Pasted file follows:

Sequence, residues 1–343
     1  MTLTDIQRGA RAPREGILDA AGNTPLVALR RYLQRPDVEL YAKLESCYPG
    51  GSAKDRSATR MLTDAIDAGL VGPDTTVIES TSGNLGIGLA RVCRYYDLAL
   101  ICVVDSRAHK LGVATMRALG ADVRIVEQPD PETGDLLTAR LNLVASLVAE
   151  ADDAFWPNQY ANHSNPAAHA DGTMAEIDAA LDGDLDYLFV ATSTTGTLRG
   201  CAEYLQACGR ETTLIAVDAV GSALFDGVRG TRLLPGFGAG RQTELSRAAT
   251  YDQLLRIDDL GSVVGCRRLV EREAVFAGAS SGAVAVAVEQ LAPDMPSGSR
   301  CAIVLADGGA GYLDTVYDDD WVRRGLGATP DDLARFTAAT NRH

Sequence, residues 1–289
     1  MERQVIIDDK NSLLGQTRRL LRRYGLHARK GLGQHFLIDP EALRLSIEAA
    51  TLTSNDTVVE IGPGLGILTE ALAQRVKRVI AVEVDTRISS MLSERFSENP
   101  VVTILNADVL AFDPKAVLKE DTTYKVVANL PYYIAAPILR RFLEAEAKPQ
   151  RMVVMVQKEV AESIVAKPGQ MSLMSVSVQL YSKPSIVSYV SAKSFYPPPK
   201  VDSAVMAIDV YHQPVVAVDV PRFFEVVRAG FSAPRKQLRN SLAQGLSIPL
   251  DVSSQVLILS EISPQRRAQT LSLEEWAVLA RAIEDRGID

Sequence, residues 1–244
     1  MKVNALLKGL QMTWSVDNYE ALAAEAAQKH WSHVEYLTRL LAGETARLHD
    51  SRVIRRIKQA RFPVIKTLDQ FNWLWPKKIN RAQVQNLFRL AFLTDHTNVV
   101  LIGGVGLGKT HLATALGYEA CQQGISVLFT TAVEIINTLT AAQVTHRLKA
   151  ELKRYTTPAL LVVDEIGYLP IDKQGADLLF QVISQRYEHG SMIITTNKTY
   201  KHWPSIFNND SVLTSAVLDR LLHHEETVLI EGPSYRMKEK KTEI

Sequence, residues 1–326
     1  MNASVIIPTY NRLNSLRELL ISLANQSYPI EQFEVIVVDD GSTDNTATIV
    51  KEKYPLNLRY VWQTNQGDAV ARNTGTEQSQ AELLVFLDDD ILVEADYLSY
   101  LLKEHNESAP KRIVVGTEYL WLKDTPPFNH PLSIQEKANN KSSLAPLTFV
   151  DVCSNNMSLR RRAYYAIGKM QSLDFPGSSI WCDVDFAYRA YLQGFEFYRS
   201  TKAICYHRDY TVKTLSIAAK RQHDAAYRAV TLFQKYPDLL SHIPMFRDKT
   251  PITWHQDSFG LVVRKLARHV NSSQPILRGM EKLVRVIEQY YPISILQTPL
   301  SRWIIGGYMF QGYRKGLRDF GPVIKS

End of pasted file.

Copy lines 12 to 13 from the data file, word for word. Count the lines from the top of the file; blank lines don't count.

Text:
   101  VVTILNADVL AFDPKAVLKE DTTYKVVANL PYYIAAPILR RFLEAEAKPQ
   151  RMVVMVQKEV AESIVAKPGQ MSLMSVSVQL YSKPSIVSYV SAKSFYPPPK